VH1 executives have cancelled "Megan Wants a Millionaire," the reality TV show that Ryan Alexander Jenkins appeared in before he was charged with brutally murdering a former swimsuit model.
Previously the network had said the show, in which wealthy young men try to win over a materialistic blonde, was postponed. On Friday, VH1 spokesman Brett Henne confirmed that the show has now been cancelled.
Jasmine Fiore's body was found without fingers or teeth in a bloodstained suitcase in a trash bin. She met Jenkins in Las Vegas in March, soon after he completed filming the reality show, and married him weeks later.
Investigators say Jenkins and Fiore checked-in to the L'Auberge hotel in Del Mar on August 13. The next morning, Jenkins checked out, and Fiore was never seen alive again. Investigators believe Jenkins may have killed Fiore while in San Diego and then dumped her body in a trash bin in Buena Park.
On the reality TV show, Jenkins is referred to as the "smooth operator." But in real life, police allege Jenkins is a cold-blooded killer who strangled and mutilated his ex wife.
"You can't always predict how someone is going to behave because the nicest guy, with the most stable personality, there could be a situation that sets him off," Richard Levak, Ph.D. said.
Levak is a psychologist who worked on some of TV's biggest reality shows including “Survivor” and “The Apprentice ” and says that when producers search for contestants, they look for interesting people with different personality types.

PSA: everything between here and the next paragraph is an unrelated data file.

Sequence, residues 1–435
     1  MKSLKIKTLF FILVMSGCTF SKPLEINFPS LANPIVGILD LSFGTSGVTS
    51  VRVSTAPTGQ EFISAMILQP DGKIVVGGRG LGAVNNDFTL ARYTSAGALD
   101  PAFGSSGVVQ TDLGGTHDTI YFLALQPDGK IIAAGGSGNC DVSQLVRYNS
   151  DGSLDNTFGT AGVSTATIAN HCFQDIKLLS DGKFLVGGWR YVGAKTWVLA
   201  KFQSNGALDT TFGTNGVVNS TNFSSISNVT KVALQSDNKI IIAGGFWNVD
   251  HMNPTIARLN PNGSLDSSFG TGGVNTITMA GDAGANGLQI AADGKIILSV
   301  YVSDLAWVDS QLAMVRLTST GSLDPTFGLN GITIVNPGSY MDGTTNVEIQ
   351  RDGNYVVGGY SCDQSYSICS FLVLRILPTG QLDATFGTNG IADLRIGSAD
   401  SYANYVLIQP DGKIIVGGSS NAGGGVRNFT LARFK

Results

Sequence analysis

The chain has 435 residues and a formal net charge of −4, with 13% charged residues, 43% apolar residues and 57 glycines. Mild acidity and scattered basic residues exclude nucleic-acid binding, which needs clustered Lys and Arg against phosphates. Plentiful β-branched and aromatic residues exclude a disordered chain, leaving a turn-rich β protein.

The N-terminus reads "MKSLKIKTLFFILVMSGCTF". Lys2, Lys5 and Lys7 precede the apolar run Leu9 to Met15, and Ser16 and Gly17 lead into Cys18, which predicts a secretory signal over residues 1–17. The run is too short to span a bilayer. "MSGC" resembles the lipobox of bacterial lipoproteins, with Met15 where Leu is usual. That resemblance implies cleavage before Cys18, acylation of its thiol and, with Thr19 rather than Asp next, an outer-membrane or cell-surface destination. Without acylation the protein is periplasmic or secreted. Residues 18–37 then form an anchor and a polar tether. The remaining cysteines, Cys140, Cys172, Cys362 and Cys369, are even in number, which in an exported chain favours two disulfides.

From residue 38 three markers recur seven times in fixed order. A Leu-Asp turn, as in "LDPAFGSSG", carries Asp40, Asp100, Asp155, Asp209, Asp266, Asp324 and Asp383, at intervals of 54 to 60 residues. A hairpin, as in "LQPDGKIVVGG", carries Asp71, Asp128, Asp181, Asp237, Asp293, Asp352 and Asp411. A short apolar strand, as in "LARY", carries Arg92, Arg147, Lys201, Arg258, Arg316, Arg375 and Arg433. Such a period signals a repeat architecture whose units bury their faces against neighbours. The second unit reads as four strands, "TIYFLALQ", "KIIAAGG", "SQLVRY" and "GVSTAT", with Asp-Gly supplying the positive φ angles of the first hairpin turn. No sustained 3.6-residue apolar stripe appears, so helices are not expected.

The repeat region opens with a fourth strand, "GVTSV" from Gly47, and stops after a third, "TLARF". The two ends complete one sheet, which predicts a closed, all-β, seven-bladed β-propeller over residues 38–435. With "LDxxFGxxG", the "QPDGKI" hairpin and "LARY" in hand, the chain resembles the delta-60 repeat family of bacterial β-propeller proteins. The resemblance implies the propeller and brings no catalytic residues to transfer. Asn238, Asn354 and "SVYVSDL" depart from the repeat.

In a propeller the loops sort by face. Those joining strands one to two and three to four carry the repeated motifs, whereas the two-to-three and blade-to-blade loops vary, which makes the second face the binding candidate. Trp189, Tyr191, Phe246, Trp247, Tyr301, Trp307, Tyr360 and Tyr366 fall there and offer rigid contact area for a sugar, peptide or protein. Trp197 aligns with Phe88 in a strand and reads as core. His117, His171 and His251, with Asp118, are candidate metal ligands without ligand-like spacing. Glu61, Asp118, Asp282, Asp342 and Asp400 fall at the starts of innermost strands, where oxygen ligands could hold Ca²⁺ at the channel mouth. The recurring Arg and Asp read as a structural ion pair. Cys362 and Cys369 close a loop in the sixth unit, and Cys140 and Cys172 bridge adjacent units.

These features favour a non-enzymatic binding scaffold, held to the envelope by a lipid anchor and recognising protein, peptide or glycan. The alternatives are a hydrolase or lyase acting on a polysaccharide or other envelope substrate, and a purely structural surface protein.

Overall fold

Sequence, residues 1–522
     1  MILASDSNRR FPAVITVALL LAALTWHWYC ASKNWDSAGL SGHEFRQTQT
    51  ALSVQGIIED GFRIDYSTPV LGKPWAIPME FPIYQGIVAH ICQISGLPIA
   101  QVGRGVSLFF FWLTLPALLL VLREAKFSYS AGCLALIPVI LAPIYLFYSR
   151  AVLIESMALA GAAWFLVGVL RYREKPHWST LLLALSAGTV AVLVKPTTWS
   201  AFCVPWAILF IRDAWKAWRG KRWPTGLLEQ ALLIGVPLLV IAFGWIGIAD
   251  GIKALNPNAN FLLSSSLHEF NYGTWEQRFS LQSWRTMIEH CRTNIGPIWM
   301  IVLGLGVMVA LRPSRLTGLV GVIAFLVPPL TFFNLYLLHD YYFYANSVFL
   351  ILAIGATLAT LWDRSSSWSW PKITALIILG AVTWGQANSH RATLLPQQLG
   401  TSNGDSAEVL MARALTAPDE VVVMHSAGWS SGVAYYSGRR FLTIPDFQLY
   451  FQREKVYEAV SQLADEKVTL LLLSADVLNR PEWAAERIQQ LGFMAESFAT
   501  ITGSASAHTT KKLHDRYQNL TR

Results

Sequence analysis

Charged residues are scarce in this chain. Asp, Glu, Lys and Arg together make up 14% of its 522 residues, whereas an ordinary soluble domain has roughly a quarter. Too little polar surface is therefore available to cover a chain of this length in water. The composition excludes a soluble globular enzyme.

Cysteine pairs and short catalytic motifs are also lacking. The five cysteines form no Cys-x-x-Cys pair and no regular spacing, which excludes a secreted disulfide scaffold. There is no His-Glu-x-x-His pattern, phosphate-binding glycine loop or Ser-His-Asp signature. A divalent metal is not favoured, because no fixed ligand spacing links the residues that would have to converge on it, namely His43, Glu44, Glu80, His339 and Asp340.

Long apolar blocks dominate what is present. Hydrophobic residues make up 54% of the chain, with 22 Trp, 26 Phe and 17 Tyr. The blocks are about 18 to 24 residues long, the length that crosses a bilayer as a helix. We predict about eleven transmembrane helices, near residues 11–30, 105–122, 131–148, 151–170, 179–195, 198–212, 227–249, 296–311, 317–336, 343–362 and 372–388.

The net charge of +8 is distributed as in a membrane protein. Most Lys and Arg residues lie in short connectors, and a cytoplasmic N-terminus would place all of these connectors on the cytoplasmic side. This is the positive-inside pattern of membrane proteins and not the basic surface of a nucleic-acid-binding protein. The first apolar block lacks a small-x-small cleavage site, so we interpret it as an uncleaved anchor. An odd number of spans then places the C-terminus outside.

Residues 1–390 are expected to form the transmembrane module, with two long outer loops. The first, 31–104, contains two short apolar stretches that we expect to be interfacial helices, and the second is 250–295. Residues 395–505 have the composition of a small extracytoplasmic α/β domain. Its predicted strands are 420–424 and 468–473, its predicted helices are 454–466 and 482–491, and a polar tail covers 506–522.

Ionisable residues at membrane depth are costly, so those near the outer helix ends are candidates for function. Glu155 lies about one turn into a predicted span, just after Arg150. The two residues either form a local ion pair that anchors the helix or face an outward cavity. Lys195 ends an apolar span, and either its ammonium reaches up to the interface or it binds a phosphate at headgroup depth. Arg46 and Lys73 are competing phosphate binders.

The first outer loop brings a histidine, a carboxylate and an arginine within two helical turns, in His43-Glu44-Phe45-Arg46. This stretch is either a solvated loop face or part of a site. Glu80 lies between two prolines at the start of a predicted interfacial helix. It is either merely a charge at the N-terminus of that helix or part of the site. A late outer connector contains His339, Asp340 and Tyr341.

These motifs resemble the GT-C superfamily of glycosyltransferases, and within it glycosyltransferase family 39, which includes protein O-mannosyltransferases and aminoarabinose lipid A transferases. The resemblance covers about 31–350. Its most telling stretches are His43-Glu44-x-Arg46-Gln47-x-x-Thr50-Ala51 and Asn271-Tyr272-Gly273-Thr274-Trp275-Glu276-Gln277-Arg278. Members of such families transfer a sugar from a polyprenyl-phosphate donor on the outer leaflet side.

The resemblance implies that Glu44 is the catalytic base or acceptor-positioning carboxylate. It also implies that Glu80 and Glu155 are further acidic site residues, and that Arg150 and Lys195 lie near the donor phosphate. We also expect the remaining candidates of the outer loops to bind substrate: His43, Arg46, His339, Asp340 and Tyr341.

"You want a worried anxious nice guy, you want a manipulative, self serving type," he said. It was Dr. Levak's job to weed out certain people. "The role of the casting psychologist was to rule out people who were potentially dangerous, kill someone, hurt themselves," he said.
That is why criminal background checks are a vital tool.
"The best predictor of future behavior is past behavior," Levak said.
Ryan Jenkins has a criminal past, including a 2007 conviction in Canada for assaulting his former girlfriend. That type of information would be available to anyone who does a thorough criminal background check.
"The more a producer is willing to spend on casting, the better the cast and the more thorough the background checks," Levak said.
51 Minds, the company that produces the show, said that an outside company performed checks on all of the contestants, including Jenkins.
"Clearly the process did not work properly in this case. 51 Minds is investigating what went wrong and taking steps to ensure that this sort of lapse never occurs again," the company said in a statement.
Company officials also said Jenkins would not have been cast, if they had known about his criminal record.